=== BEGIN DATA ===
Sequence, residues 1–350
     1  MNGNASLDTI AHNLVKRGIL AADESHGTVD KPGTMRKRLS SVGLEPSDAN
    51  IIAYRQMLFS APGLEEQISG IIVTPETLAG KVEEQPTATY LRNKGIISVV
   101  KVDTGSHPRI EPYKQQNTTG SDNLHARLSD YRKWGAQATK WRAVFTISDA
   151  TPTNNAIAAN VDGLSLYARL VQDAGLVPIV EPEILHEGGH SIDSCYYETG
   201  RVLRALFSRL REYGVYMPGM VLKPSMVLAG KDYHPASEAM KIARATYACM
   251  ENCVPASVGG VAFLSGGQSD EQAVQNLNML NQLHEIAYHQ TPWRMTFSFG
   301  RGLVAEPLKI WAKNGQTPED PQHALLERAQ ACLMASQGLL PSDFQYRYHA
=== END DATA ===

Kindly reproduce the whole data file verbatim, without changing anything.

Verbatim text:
Sequence, residues 1–350
     1  MNGNASLDTI AHNLVKRGIL AADESHGTVD KPGTMRKRLS SVGLEPSDAN
    51  IIAYRQMLFS APGLEEQISG IIVTPETLAG KVEEQPTATY LRNKGIISVV
   101  KVDTGSHPRI EPYKQQNTTG SDNLHARLSD YRKWGAQATK WRAVFTISDA
   151  TPTNNAIAAN VDGLSLYARL VQDAGLVPIV EPEILHEGGH SIDSCYYETG
   201  RVLRALFSRL REYGVYMPGM VLKPSMVLAG KDYHPASEAM KIARATYACM
   251  ENCVPASVGG VAFLSGGQSD EQAVQNLNML NQLHEIAYHQ TPWRMTFSFG
   301  RGLVAEPLKI WAKNGQTPED PQHALLERAQ ACLMASQGLL PSDFQYRYHA